By: Momodou Justice Darboe
The acting Director of the Medicines Control Agency(MCA), Essa Marenah, has insisted that the MCA has to fully implement the law, regarding the importation of medicinal products into The Gambia.
Large quantities of imported pharmaceutical products are currently stuck at the country’s ports of entry and according to the PRO of the Gambia Pharmaceutical Association Mr. Mahawa Njie, the situation could degenerate into a scarcity of medicines in the country.
However, according to Mr. Marenah, import clearance is needed from the MCA for any medicinal product to be allowed in.
“Import clearance is needed from the MCA. If you don’t fulfill our requirement, we won’t give you a permit and that will mean you will not also fulfill customs requirements. And if you don’t fulfill customs requirements, your products will not be released,” the acting MCA director explained when contacted by The Voice to shed light on the stalemate between some medicine importers and the Gambian authorities over the quantities of medicines stuck at the airport.
“MCA was giving them import permits for medicines from Europe or these donations or so. So, I know the changes at MCA only happened after this AKI report. The government, we all know, accepted the AKI report. The Ministry of Health also wrote to MCA management and board to fully implement the AKI report. We are a government agency. They established MCA, which means, they made the laws. So, if we say we are not following the law like being in possession of medicines not registered. We have to go by the law and the law says all products must be registered before you can allow their importation. So, we have to make sure your products are registered before we can give an import permit,” the MCA acting director told this medium. He added: “So I think customs too, if you don’t have the import permit from MCA, they will not release your products. That is the situation but any product that registers, followed the law…If they are issued a permit and meet other requirements, I don’t think they will be withheld. As far as I know, this is the situation. We are implementing what we are asked to do. We all know about it. Even last year, they were all written to say by the end of 2022, no product will be allowed into the country that is not registered. They all were communicated to. They are out to try chance but we want to tell them we mean business. Unless the law is changed, we cannot do much. That’s the law. So, that is the situation. We advise people not to bring products that are not registered. This law is not only in The Gambia but try shipment in Senegal, Ghana… It’s the same thing. I think people have to follow the law. You cannot try to disregard the law”.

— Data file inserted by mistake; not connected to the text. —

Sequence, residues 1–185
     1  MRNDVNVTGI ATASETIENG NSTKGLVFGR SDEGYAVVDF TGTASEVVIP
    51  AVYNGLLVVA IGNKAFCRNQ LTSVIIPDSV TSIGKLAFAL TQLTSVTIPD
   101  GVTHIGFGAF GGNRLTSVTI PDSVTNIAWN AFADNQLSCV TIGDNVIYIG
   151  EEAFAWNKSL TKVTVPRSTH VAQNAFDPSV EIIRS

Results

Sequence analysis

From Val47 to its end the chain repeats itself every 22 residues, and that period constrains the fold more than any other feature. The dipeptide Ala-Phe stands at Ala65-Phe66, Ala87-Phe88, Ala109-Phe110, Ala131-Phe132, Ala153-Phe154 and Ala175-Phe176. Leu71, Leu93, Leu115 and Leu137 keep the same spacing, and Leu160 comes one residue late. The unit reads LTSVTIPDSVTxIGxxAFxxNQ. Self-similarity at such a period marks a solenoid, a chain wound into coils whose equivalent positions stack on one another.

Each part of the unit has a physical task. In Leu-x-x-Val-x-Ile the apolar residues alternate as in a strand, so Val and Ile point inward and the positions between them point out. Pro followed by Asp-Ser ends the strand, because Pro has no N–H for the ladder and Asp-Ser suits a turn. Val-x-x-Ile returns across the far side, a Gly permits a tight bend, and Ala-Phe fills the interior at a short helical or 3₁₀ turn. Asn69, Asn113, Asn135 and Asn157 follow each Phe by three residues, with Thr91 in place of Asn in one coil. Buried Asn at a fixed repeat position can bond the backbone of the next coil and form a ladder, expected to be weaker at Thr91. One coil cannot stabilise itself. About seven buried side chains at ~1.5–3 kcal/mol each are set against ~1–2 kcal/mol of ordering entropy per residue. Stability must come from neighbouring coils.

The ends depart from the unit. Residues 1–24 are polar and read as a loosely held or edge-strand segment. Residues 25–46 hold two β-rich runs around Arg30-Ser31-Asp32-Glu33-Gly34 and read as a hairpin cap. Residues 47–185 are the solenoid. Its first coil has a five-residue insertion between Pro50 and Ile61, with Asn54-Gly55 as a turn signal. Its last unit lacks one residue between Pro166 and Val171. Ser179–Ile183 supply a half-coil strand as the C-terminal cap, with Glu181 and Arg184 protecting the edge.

Meanwhile, in an interview with The Voice, Mahawa Njiepointed out that medicines importers in The Gambia will find it impossible to get their products registered as they do not meet the threshold for registration. Unlike Nigeria and other countries with huge populations, the Gambia could not provide a customer base that would convince manufacturers to allow Gambian importers of pharmaceuticals to have their imports registered, he clarified.
He pointed out that they were only informed about the registration sometime after the unveiling of the AKI report.